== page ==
A strong recommendation for “The White Pill” and the gratitude it reminded me I have for the stuff that I collect.

All around me I have surrounded myself with the plastic doppelgangers of my childhood. It’s at this moment I realize why: It was a time where we children of the children of the Baby Boom were granted an amazing opportunity to believe in something: The American Dream. From the Michael Jackson and Brooke Shields Dolls to the Super Hero action figures (celebrating the 50th Anniversary of the Mego Corporation) to so many other memory triggers that I myself didn’t realize were so ingrained in my subconscious and personality thanks to these flashy totems. Each one for me serve as silent reminders of this for sure and it all came into focus after finishing up Michael Malice’s “The White Pill” audio book.

In this book Malice has weaved together an incredible telling of the rise and fall of the Soviet Union. From it’s shiny birth under Lenin to it’s gritty reality under Stalin, to it’s almost cartoon-ish evolution through Khrushchev and to it’s final demise under Gorbachev, “The White Pill” is one hell of an adventure story so full of tragedy and triumph that it is riveting from start to finish. I can not recommend it nearly enough. And not only for its impressive documentation of the for Soviet Union’s rise and fall but for me the importance of how that former “super power” shaped all of our Gen X lives. While there are plenty of things that happened that were very much sugar and candy coated for us growing up in the 70’s and 80’s and into adulthood in the 90’s, with the conclusion of the book, I can’t say I’ve ever felt as grateful to have been a child of the American Dream as I do now. We really had it incredibly good. Hell, even better than good.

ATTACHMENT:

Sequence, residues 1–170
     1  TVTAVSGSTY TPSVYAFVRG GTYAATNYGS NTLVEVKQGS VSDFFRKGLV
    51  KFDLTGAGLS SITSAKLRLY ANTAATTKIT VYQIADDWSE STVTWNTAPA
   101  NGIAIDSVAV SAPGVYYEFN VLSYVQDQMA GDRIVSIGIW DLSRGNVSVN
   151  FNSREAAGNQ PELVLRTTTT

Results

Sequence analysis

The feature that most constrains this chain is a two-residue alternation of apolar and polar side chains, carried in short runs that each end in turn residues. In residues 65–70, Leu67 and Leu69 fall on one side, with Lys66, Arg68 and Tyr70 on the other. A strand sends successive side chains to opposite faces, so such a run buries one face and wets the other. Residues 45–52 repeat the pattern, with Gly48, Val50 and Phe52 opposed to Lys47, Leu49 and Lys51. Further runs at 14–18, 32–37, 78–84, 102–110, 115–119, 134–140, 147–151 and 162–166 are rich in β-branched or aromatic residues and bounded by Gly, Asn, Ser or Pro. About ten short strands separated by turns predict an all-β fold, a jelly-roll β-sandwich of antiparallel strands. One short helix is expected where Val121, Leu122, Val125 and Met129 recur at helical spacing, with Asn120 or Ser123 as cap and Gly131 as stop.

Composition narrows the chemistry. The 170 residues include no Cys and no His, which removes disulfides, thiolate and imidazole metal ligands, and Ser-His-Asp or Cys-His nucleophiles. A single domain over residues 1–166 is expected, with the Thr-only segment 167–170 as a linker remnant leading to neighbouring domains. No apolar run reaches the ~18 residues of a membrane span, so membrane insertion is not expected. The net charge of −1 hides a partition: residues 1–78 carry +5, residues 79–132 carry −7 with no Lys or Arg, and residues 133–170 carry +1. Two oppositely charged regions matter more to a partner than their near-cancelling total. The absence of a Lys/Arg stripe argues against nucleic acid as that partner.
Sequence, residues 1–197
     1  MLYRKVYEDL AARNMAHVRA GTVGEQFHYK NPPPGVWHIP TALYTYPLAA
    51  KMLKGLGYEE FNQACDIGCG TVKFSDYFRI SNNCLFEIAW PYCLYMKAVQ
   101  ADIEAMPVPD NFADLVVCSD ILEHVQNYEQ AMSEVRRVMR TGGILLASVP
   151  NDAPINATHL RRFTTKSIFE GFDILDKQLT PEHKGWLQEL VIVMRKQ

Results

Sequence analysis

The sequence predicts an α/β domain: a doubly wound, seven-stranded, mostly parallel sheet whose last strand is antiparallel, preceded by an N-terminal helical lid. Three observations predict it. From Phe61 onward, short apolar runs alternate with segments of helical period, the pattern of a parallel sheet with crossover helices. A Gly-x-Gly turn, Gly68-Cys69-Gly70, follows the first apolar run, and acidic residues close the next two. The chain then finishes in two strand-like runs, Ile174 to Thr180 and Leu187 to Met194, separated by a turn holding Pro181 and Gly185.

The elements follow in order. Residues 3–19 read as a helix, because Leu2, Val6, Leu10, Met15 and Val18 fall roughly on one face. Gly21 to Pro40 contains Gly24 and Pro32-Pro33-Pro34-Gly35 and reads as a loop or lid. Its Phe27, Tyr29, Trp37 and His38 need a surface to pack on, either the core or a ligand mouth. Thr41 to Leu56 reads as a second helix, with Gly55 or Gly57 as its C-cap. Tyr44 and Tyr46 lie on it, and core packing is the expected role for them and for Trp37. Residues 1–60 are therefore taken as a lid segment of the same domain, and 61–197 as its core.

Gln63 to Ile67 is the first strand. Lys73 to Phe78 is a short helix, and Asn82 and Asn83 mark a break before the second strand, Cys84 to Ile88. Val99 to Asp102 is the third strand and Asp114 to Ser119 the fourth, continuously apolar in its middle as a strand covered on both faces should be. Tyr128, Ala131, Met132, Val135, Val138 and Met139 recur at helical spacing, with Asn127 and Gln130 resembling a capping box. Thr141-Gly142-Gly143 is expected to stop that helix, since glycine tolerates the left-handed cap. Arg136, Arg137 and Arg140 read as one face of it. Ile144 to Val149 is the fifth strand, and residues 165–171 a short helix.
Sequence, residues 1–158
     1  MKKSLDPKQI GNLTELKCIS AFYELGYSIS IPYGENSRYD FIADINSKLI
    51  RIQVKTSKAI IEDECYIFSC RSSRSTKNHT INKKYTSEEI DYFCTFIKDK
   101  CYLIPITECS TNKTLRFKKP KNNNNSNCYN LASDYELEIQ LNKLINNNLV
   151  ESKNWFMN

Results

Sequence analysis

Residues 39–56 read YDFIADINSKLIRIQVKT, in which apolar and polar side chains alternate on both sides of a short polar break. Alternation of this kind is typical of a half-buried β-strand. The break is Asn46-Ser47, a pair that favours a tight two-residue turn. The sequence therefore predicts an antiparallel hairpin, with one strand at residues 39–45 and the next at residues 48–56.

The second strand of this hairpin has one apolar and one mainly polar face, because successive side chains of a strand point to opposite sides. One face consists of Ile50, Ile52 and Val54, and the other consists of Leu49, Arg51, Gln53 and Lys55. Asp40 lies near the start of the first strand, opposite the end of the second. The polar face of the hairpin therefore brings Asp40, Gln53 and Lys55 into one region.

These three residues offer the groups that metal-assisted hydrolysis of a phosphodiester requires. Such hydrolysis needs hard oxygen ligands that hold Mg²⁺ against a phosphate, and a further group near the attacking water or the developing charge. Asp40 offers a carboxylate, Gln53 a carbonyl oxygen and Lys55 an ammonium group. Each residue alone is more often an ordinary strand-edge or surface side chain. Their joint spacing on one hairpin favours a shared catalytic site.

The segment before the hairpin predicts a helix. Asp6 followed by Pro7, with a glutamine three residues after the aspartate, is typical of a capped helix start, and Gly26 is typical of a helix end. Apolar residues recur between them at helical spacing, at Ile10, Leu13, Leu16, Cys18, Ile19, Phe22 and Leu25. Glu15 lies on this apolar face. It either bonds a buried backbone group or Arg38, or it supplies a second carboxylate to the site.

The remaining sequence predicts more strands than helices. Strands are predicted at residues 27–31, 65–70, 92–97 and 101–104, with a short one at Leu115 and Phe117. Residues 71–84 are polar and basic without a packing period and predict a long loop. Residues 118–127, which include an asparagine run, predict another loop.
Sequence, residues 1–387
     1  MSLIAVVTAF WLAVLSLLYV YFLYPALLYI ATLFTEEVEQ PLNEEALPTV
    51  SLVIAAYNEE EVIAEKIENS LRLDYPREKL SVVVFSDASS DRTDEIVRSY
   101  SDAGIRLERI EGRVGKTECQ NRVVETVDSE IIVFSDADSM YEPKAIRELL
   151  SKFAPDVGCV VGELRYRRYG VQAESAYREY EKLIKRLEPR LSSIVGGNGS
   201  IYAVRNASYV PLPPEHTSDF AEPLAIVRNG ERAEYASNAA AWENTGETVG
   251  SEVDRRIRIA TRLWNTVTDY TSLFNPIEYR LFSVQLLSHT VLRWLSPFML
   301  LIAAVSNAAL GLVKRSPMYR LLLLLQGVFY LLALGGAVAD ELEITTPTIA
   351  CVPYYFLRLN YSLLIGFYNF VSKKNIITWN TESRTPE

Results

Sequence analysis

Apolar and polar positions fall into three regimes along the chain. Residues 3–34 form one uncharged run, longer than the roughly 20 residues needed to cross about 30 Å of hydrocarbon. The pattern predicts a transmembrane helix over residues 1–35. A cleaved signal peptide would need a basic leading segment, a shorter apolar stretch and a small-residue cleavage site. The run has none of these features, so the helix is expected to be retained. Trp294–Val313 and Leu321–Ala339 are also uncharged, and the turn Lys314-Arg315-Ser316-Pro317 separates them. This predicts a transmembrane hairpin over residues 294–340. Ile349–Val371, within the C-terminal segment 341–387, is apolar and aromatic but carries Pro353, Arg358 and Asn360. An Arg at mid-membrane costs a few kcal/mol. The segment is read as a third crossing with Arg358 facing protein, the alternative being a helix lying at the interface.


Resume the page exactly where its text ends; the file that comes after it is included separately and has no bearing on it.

It was in that decade of decadence that the 80’s are so famously recalled, that while there are some of those illusions that did bite us in the ass (hello large portions and diabetes and the belief in a retirement at 65 that would allow for a well earned break into our “golden years”, syke!) there are so many other things that we had and took for granted that the generations following us have been stripped of. Diluted and degraded with each new one. It’s in this that I do feel horrible for the Gen Y’s, Z’s, Millennial’s and whatever classification we’re up to now. From my perspective they really have been robbed. But ten again also tempered to see past a lot of the bullshit that we believed in and many still do. However. Not all of that bullshit was bad and it’s importance should be revered and remembered. I’m speaking now to that belief that while we all had responsibilities and obligations to be a good American (go to school, do your homework, get a job, and “do the right thing”) we were rewarded with some fantastic treats that I fear so many of aforementioned generations missed out on and will never get an opportunity to truly appreciate as we did.